Take notice which side he feels more comfortable on and work two thirds on the side he doesn't want you on until he is equally comfortable on both sides. Keep an eye on his attitude and note when he begins to get a little tired, looks out of the yard, lowers his head, and starts to relax. All of these things will help you in telling whether or not he is starting to submit. Repeat the changes of direction until you feel your horse is paying attention and looking for this easier way out.
When this happens, step out in his path as if you want him to change direction, but instead of driving him off in the other direction, walk backwards and encourage him to come towards the middle of the yard. To start with, you might want to get him to stop and face you. When he does, just stand and wait. Just stand there and let him think about the situation. He might start to lick his lips, which is another sign that he is starting to submit or thinks that standing still is easier than running around.
Now walk up to him and pat and rub him all over his face and show him how nice it is to be with you. If he goes away, then start the procedure of driving him again until he wants to stop and let you walk up to him. It is very important to let him know how easy it is to be with you. You can also slowly walk away and see if he follows. If he takes a couple of steps, stop and rub him again and continue. Eventually he will follow you all over the yard.
Keep in mind all horses have their own unique personalities; some will be easy to get through to and some will be a little harder. For every horse I work with, this is the first lesson I teach.
When dealing with a horse that has never been handled, you are going to have to break these steps down so he can better understand you. For example, when you have him turning into you correctly both ways and you want him to stop, step into his path. When he stops and looks at you, walk backwards across the yard trying to draw him to you. The main thing is that he stops, looks at you and waits. Let him rest, catch his breath and feel secure. After you let him rest, walk forward a few paces and just before he runs away walk backwards again. Continue in this manner until you can get close to him. If he does run away, start again by making him run around the yard until you get to the stop situation and try again. If he won't stand still then he clearly will not cope with you touching him, so if you are having problems, you need to go back to something he understands. Then try to build up to these steps again. So good luck with your training and remember to have fun, because if it isn't fun it's not worth doing.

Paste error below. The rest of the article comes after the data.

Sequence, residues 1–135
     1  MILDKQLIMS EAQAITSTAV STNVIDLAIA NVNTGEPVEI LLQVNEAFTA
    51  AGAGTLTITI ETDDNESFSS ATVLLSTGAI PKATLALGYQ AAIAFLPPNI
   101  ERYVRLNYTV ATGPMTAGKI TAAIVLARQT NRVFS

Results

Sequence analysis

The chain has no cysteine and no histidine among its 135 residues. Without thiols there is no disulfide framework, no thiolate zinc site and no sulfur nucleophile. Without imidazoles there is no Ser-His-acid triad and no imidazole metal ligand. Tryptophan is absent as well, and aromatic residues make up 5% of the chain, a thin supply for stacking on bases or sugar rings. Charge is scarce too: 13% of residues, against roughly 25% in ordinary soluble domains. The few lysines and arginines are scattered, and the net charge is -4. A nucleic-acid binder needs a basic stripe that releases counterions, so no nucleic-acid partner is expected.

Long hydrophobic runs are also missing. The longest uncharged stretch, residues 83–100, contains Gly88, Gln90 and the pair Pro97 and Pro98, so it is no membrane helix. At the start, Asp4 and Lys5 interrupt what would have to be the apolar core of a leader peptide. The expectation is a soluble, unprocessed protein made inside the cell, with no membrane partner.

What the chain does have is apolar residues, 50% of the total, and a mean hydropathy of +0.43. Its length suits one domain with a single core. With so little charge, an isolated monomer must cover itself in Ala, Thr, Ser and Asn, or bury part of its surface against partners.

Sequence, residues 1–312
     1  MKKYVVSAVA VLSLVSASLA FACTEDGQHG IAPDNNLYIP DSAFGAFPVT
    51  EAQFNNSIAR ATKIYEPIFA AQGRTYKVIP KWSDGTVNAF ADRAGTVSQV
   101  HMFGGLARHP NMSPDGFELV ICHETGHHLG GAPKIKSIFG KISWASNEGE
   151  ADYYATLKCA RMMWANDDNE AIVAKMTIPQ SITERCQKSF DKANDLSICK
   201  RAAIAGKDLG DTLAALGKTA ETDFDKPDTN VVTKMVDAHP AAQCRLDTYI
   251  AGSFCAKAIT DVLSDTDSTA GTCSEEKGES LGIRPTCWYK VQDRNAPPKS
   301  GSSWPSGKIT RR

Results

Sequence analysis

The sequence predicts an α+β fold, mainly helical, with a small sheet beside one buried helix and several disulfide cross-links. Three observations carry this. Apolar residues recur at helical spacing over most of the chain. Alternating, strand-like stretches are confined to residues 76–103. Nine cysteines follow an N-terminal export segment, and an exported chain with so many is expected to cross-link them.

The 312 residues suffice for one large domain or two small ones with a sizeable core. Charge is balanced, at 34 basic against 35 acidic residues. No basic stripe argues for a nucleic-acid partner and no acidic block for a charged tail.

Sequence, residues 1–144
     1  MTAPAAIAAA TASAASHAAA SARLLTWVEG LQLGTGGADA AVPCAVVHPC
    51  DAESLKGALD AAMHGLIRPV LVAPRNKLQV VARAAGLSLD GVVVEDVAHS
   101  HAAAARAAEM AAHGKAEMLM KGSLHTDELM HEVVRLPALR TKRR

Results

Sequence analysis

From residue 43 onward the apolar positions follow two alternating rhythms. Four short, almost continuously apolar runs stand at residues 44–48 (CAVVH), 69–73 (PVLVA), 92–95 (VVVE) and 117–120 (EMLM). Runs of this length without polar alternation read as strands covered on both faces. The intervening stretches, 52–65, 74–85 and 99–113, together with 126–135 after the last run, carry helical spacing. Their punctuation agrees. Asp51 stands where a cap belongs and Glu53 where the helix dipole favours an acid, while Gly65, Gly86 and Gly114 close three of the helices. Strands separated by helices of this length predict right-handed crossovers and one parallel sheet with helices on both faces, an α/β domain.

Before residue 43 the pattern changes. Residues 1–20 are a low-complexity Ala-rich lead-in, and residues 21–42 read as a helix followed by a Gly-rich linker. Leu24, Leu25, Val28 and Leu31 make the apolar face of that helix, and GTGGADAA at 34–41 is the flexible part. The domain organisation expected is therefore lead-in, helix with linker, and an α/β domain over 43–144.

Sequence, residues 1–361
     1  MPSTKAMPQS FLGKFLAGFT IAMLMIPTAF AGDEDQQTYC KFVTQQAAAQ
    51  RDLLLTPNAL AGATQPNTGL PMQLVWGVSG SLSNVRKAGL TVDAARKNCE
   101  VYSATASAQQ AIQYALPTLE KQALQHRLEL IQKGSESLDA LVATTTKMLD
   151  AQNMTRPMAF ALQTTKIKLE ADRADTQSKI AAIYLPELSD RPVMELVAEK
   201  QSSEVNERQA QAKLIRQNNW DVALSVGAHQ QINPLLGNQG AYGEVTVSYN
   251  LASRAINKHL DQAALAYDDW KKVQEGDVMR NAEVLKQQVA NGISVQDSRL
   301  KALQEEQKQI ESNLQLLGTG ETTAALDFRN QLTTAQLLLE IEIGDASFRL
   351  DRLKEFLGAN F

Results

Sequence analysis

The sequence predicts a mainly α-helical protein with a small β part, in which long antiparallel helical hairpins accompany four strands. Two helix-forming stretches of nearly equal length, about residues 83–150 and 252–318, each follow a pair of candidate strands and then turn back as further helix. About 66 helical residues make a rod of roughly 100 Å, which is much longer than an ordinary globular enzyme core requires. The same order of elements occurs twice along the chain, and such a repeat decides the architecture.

About the author:
Clinton Anderson was one of Australia's best-kept secrets until his natural ability to communicate with horses became evident. Word quickly spread throughout Australia and so did Clinton's ability to teach horses and humans to produce extraordinary performance from a simple step-by-step system. Clinton uses the horse's natural 'blueprint' to his advantage rather than disadvantage. "Feel the Difference" is the nucleus of Clinton's program because you will feel the difference it makes to your horse with your own hands and legs. Interestingly, his philosophies follow the classic dressage masters of the 18th and 19th centuries in developing a supple, light, collected horse. Clinton and his wife Beth are now permanent residents of America and are working with people and horses all over the country. Clinton is the only Australian to ever be invited to perform at two of the largest horse expos in the country, Equine Affaire and Equitana USA in 1998; in 1999 he performed at Equitana USA, Ride With the Stars, Northern Illinois Horse Fest, Western States Horse Expo and Greater Northwestern Horse Expo (2000) and The Carolina Classic Horse Expo. (2000). He has also produced three new videos with books to accompany each video called Video Mates, and he is soon to be the featured trainer and author for Horse Illustrated.
For more information, contact:
Downunder Horsemanship with Clinton Anderson
985 Eastman Lane
Petaluma, CA 94952
or visit www.horsenet.com/downunder